Why Do We Love The Cheltenham Gold Cup
The Cheltenham Gold Cup has its origins as far back as 1819 when it was a 3m flat race held at Cleeve Hill. It wasn’t until 1924 till the Cheltenham Gold Cup was inaugurated into the Steeplechase race that we know and love today.
Due to the success of the festival and the large crowds that it attracts, it has run for 4 days rather than three since 2005. The festival itself is worth a small fortune to Cheltenham and its neighboring Cotswold villages, with over £50 million expected to be generated over the week. This has a lot to do with the 20,000 bottles of champagne and quarter of a million pints of Guinness been sunk. There is also a £2m tented village erected every year that eclipses any other sporting event so the punters can enjoy the 4 days. The 27 races held total around £4m of prize money.
Today the Grade 1 National Hunt Race is open to horses 5 years and older and run over a distance of 3miles and 2 ½ furlongs. 22 fences and a grueling hill are negotiated before the Gold Cup can be held aloft at Prestbury Park.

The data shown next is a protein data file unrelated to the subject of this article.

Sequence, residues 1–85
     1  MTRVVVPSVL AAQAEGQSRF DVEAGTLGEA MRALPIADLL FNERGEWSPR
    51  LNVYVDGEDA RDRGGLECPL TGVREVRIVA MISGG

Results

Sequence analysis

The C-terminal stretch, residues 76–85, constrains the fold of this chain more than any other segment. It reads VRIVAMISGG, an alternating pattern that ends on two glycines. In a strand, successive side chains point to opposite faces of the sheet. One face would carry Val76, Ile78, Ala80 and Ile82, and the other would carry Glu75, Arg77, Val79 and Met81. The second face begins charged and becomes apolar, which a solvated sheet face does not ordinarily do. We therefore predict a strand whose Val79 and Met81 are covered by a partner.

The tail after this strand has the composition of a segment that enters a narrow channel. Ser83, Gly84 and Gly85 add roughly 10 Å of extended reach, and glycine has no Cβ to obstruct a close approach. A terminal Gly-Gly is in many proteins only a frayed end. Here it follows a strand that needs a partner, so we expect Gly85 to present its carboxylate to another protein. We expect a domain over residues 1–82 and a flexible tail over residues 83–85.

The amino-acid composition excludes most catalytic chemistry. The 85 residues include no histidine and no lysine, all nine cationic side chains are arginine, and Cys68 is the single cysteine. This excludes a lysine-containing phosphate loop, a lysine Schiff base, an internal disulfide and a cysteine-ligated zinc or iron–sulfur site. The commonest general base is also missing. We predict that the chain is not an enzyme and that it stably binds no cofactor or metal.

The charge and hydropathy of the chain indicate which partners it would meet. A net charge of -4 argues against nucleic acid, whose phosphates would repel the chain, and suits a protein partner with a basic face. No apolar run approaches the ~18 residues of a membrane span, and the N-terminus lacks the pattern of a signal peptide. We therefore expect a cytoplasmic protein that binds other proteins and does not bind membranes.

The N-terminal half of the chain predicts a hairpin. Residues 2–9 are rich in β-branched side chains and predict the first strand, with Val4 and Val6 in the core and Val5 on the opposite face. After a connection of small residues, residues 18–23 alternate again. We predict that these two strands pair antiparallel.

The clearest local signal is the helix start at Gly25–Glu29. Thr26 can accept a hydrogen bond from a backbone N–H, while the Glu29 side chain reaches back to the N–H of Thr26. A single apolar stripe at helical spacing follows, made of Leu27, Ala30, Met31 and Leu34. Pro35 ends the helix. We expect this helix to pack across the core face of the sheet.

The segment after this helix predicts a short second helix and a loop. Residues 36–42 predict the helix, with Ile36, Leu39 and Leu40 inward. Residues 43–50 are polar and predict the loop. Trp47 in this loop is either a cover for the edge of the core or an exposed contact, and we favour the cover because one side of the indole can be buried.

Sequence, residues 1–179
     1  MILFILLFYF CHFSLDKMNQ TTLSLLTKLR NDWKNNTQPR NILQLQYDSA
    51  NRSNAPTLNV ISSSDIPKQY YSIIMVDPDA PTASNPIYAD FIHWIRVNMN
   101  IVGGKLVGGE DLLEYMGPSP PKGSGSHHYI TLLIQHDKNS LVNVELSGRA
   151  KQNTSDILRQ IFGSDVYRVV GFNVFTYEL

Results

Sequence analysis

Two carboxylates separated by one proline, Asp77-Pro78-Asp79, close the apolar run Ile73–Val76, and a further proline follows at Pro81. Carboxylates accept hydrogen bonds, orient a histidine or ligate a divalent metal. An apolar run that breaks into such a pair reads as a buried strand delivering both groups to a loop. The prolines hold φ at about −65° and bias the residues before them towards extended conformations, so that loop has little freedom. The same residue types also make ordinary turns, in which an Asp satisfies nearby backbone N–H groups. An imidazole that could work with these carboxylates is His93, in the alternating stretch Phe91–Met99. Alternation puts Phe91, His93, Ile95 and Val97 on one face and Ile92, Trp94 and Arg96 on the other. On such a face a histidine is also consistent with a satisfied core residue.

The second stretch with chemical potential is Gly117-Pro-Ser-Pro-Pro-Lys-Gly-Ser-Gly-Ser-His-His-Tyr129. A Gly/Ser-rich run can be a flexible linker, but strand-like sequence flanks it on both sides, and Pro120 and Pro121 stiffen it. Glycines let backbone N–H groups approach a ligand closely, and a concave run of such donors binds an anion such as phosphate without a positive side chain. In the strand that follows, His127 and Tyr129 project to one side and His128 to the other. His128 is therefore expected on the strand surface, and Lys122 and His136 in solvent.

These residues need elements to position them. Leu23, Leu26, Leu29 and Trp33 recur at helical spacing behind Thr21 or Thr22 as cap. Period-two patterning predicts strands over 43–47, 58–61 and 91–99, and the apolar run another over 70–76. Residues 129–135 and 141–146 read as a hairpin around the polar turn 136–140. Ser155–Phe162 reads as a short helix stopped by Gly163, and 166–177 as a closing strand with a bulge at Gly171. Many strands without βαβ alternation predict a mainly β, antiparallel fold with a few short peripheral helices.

Some top horses have won the Gold Cup such as the likes of Golden Miller (5 in a row in the 30’s), Arkle (3 in a row, 60’s) Best Mate (3 in a row 2002,3,4) and more recently Kauto Star who became the first horse to regain the prize. He will be heading for his third win in this years race.
This years Gold Cup should prove to be a tremendous contest with Kauto Star and Long run going head to head once again. Burton Port has been backed in from nowhere and Grands Crus will also give it a good go.
It’s not only the Gold Cup that people flock to see as the festival holds a massive 12 Grade 1 races many of which are steeped in history. The Champion Hurdle was first run in 1927 and the Queen Mother Champion Chase in 1959.
Race reviews and tips on the big races to follow soon.